24 October 2017

How the market has given migrating birds a habitat


When people talk about the usefulness of markets, the benefit to migrating birds is usually not high on the list.

And yet in California crowd sourced data, a mobile phone app and rice farmers in need of cash are combining to create a market solution to an ornithological puzzle.

The Golden State is the key stopping off point in the Pacific Flyway, the vast migratory corridor which runs from Alaska to Patagonia in South America. Birds pause here to rest and feed in the state’s forests and wetlands. You could say California is the avian equivalent of the M1’s Watford Gap Services.

The problem is that through urbanisation, expanding agriculture and climate change the precious habitats the travelling waterfowl rely on are disappearing. This isn’t just a problem for nature lovers. From pest control to pollination, the birds provide a host of valuable ecosystem services. They also bring in millions of dollars in tourism from bird watchers and hunters.

The Nature Conservancy, a conservation charity, has come up with a novel solution to this problem in the form of pop-up wetlands called “BirdReturns”.  They first considered trying to buy the required land but they quickly realised there was a cheaper, more efficient option. They only needed the land for parts of the year when the birds were passing through. So why fork out for a mortgage when the ornithological equivalent of Airbnb will do? So instead of buying the land, they used a reverse auction and invited local rice farmers to submit bids on how much they would take to flood their fields for four, six or eight-week blocks out of rice-growing season.

To keep costs low, the Nature Conservancy needed to know exactly where and when they required the wetlands to be up and running. Otherwise they risked paying farmers for soggy fields with no birds in them. To find out which geographic areas to target and when, they turned to the birdwatchers of California and a mobile app called eBird. Behind a birdwatcher’s binoculars is usually someone who loves to make lists. Part of the pleasure of birdwatching, apart from the fresh air, beautiful surroundings and a chance to appreciate nature, is the opportunity to jot down all the birds you’ve spotted.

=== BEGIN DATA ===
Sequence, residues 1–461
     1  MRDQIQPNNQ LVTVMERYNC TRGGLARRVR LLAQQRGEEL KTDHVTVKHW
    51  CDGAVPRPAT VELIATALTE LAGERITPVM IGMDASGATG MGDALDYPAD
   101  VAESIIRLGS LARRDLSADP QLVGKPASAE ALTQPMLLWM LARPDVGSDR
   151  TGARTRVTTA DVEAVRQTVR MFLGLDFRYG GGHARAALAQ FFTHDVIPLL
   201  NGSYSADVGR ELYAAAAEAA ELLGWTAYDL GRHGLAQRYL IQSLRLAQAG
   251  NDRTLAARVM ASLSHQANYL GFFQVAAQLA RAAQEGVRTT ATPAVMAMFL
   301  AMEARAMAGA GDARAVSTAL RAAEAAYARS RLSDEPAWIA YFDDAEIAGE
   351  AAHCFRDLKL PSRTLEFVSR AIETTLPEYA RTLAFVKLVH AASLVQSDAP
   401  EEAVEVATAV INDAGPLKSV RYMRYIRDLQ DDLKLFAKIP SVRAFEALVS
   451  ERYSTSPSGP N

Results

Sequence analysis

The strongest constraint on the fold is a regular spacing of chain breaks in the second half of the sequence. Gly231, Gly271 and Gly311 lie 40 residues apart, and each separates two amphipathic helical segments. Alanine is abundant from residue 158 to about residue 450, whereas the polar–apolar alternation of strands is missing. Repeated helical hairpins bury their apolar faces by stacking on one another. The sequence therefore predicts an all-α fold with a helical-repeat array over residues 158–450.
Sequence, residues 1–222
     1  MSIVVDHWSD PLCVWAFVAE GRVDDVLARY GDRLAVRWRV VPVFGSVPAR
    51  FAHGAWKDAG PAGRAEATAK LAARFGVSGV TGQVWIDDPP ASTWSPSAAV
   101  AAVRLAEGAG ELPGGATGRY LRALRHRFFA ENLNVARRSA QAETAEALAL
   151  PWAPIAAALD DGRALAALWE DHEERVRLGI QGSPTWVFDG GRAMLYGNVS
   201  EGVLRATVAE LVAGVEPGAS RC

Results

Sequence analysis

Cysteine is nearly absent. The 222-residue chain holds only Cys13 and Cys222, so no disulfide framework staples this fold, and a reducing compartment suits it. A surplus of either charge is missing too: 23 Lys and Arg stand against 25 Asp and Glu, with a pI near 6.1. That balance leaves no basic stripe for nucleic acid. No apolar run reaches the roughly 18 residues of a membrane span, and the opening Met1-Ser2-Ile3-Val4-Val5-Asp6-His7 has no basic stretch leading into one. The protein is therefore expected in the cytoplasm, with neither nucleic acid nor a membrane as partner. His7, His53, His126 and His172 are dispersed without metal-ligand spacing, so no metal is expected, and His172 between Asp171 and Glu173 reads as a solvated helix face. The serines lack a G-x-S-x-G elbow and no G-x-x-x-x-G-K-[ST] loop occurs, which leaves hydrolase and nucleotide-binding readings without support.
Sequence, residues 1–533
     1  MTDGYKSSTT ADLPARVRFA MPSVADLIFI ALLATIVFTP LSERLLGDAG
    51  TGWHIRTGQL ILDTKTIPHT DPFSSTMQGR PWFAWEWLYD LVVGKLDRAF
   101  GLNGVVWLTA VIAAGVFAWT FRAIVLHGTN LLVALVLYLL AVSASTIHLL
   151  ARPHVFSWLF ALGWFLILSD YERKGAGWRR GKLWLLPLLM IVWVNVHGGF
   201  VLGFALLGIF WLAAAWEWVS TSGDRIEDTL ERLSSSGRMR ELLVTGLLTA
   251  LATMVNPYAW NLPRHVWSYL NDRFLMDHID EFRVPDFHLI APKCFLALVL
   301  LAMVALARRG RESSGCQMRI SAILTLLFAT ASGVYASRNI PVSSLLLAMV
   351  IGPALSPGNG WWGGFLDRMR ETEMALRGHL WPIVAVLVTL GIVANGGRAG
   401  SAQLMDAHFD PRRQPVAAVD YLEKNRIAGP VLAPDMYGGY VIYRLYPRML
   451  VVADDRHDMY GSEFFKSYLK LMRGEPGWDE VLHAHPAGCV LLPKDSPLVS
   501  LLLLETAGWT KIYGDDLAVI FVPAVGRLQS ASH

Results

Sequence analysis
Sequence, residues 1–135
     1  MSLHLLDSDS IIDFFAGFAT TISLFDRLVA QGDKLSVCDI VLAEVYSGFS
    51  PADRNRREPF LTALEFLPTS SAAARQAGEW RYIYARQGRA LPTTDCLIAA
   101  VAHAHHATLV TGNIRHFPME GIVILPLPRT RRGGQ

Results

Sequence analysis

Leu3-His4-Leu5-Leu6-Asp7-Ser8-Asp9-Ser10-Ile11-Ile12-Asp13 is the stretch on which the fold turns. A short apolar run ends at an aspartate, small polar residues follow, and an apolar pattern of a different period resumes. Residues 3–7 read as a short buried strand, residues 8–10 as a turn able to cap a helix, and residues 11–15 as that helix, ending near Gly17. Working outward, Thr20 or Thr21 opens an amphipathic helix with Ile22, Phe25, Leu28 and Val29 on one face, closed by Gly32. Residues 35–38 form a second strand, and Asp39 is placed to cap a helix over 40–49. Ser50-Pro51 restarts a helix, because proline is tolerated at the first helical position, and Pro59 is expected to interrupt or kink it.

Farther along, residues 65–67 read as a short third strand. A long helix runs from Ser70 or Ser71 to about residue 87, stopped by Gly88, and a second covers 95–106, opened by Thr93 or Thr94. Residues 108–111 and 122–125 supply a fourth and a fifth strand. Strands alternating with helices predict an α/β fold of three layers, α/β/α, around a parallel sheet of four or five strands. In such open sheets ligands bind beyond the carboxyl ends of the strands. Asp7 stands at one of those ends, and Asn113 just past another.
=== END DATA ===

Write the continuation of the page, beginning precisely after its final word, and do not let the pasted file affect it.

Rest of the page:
Rather than having this valuable data collecting dust in paper notebooks, the eBird app builds a record everything a birdwatcher has seen .  This exercise in citizen science then sends all this sighting data to the Cornell Lab of Ornithology in upstate New York. The result is a detailed picture of when a migration is about to begin and where it is heading.  By crunching the numbers and considering the available habitats under the birds’ flightpath, The Nature Conservancy is able to pay for the right field to be flooded.

With the market setting the price,they can choose the most suitable land at the best prices. During times of severe drought the charity will pay more. When there is plenty of rainfall they pay less. The farmers are happy to give the birds a helping hand while also receiving an income during the off season which secures the Californian rice industry. Since the scheme was piloted in 2014 more than 40,000 acres of habitat has been created.

On current values, buying the required land would have cost about $150 million, converting it to suitable wetland habitat a further $25 million and maintaining it would be around $100,000 a year.  But by allowing market forces to create pop up wetlands through private farms, the whole project comes in at less than $1.4 million a year.

The Nature Conservancy insist the temporary wetlands alone will not be the long-term solution if the habitat loss continues, but it’s an example of how technology, crowd-sourced data and market incentives can address some unusual problems.

Joe Ware is a journalist and writer at Christian Aid